Thus, we set out on February 23 to visit the world's fastest aircraft by flying what was arguably one of the slowest.
|Date||Aircraft||Route of Flight||Time (hrs)||Total (hrs)|
|23 Feb 2020||N21481||SDC (Sodus, NY) - DET (Detroit, MI) - AZO (Kalamazoo, MI) - SDC||8.2||2092.5|
Dan agreed to fly with me, another former Kalamazoo resident and aficionado of the Air Zoo. I warned him that it would be a long day. I wanted to be aloft by 7:00 am, estimated a noon arrival in Kalamazoo, and an 8:00 pm return to Sodus. Expecting to be slowed by forecast headwinds, the outbound trip required an intermediate fuel stop. Based on past experience, I chose Coleman A Young Municipal Airport (formerly Detroit City Airport, KDET) for an easy stop with inexpensive fuel ($4.50 / gal).
|Lake St Clair|
Averaging 94 knots across the ground, we flew over western NY, Niagara Falls, southern Ontario, and returned to United States airspace by crossing a frozen Lake St Clair. This was one of those rare days where flying higher resulted in lower headwinds on our westerly course. As usual, the Cleveland Center frequency east of Aylmer was problematic, even at 8,000 feet.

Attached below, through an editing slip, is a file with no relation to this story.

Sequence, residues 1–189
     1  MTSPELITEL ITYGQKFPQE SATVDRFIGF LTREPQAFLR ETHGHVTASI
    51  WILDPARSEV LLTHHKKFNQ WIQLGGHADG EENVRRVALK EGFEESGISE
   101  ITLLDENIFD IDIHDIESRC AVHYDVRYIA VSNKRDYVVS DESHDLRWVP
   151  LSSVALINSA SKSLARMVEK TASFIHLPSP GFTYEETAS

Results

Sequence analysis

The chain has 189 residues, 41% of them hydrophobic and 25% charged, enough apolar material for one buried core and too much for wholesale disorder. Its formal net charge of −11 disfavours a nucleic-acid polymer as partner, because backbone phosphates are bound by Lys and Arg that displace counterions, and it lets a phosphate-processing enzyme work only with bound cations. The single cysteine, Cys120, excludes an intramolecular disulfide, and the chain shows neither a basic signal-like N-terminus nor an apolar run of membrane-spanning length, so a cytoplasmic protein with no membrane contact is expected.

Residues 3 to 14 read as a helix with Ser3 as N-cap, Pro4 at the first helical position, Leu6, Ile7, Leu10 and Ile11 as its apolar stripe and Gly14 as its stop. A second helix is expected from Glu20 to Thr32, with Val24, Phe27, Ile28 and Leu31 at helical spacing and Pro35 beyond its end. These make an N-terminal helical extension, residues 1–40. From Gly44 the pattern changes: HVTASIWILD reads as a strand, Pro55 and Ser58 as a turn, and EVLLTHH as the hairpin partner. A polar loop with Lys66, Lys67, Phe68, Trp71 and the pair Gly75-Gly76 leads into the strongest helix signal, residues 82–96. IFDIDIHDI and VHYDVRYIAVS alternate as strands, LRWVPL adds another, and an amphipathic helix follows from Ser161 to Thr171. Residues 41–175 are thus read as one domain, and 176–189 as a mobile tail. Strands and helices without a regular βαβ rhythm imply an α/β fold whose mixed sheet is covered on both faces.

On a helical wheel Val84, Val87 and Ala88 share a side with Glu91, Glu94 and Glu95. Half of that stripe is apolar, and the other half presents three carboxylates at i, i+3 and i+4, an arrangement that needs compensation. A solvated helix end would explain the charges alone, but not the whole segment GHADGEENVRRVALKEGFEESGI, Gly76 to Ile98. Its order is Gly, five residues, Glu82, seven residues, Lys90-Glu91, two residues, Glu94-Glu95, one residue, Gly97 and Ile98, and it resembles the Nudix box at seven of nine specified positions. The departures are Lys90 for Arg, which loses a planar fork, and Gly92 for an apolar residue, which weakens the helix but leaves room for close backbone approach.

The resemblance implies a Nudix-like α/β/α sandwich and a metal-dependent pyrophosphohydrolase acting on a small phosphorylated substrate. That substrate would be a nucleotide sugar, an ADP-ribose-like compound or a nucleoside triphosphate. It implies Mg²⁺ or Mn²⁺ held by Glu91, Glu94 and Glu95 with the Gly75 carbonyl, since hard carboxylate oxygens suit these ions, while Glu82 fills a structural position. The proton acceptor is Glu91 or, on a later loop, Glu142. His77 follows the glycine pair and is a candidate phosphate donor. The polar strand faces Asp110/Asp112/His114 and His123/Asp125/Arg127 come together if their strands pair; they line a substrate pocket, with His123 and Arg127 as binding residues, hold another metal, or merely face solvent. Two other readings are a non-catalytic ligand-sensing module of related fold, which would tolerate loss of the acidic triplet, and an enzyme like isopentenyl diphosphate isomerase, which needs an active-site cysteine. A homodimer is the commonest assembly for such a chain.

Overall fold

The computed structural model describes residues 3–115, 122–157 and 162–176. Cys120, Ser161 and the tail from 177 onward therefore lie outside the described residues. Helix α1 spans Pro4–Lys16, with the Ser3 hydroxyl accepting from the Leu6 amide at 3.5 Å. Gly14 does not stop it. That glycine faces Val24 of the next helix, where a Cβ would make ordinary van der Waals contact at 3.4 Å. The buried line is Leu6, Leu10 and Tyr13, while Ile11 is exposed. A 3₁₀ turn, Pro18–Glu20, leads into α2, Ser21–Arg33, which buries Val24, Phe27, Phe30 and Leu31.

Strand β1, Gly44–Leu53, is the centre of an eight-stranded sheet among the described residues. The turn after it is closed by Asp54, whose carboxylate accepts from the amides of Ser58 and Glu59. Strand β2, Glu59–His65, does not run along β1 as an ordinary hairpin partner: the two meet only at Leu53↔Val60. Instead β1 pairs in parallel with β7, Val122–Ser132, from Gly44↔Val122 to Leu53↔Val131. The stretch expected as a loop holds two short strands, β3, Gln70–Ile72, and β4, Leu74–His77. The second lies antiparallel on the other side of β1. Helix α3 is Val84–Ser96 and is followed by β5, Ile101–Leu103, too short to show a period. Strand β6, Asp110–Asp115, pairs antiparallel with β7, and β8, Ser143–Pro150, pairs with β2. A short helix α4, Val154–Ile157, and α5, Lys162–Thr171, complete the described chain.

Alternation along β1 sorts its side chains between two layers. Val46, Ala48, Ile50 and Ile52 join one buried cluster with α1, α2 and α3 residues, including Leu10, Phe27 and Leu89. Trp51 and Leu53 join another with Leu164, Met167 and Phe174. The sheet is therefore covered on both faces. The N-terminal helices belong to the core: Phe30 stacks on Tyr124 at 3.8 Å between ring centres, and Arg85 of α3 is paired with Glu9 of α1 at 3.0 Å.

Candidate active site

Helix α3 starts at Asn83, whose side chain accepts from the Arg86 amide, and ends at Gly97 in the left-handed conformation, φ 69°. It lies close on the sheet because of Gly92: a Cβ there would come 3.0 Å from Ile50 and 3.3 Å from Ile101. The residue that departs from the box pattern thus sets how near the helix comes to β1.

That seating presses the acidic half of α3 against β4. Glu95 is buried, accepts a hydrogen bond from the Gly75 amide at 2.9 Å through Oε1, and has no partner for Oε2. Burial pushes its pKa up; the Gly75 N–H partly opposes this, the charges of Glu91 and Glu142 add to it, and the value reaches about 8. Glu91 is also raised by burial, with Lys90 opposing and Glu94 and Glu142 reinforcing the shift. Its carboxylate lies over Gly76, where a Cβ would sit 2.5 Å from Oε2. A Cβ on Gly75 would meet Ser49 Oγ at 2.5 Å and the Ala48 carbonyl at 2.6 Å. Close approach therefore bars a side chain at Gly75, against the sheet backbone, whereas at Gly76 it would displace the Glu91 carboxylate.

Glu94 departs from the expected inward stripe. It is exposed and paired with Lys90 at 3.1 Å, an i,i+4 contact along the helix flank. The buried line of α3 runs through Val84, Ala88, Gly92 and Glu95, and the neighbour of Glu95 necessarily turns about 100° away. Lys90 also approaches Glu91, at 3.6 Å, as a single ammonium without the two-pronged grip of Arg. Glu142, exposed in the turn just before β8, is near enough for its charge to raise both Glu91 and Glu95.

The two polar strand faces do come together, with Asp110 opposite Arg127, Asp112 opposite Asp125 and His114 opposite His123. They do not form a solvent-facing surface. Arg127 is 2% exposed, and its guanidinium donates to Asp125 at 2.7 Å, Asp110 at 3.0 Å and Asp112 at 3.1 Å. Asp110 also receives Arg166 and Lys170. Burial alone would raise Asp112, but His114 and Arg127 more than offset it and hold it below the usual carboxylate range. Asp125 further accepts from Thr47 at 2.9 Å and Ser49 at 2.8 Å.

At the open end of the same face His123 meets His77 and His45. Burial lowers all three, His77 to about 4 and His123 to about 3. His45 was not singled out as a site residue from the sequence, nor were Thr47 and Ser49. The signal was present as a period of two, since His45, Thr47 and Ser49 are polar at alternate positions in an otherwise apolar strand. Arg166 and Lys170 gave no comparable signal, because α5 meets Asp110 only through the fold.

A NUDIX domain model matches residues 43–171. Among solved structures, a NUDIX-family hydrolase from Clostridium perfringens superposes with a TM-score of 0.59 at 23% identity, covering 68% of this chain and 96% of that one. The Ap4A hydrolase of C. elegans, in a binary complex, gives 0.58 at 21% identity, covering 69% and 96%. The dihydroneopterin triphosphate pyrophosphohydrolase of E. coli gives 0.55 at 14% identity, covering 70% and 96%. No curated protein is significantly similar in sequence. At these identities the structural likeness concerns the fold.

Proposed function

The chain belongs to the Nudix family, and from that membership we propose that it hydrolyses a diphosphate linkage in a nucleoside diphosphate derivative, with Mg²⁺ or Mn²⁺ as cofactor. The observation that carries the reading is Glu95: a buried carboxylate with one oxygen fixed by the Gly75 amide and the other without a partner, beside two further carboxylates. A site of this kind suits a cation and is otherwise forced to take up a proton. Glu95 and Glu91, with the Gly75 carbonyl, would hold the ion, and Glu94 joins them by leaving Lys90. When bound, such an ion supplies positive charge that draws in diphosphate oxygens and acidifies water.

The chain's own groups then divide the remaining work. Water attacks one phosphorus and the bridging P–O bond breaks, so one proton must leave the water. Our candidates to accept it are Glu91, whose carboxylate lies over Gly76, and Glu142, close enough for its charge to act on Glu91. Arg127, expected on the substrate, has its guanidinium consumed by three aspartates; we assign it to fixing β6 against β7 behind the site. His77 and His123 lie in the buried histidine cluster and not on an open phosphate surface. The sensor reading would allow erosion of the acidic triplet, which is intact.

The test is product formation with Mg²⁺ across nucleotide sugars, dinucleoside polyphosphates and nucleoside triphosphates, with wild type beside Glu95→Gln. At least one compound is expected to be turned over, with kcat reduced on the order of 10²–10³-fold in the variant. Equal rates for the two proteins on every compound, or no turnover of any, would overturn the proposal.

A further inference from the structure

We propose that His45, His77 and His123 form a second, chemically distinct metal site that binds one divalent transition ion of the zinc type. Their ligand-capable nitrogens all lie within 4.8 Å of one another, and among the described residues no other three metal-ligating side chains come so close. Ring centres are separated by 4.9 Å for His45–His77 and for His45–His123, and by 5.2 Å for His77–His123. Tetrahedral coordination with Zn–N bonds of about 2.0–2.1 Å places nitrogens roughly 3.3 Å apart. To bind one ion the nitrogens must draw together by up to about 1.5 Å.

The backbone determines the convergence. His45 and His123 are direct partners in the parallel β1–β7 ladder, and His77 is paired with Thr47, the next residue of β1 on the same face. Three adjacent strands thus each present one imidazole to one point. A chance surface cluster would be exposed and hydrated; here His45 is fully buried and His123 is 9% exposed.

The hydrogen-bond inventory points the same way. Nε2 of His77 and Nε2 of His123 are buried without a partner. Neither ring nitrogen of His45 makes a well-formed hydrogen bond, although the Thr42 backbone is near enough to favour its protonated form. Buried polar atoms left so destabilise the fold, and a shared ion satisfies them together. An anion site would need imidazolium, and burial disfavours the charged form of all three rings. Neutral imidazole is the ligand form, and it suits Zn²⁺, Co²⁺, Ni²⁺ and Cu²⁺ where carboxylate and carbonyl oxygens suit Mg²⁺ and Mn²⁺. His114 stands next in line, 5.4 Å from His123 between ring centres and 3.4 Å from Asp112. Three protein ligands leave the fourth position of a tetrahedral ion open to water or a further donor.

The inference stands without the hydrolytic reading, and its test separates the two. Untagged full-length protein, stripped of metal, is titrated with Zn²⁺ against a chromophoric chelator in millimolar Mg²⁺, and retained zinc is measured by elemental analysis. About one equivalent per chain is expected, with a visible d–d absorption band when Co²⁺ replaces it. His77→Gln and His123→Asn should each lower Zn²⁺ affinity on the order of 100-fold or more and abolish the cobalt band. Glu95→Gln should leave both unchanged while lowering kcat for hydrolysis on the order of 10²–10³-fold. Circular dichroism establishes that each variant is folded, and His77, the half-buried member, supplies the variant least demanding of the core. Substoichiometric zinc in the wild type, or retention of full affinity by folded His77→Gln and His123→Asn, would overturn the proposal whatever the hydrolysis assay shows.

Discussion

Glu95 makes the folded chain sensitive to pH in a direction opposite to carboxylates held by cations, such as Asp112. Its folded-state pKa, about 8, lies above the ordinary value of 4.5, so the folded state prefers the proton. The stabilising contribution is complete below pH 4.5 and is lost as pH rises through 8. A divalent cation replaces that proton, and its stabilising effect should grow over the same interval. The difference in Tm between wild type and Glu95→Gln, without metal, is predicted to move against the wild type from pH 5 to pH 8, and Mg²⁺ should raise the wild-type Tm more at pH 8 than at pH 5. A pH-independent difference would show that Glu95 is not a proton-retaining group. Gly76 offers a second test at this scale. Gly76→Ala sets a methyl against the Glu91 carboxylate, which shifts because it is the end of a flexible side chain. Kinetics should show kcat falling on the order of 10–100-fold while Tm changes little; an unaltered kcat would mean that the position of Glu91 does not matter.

|Lake St Clair|
Though the surface wind was out of the southwest, City Airport was landing to the southeast on runway 15. I requested and was cleared to land on runway 25 instead. Fortunately, there were no coyotes on the runway this time. Our flight from Sodus to Detroit lasted over three hours, presenting quite a workout for my left hand and wrist that were sprained just a week earlier. I wore a brace all day and that increased my endurance significantly.
|The new ramp ornament at KDET. I think the trailer is missing a "wide load" banner. |
Note that the outer wheels of the dual wheeled main landing gear do not fit on the trailer at all.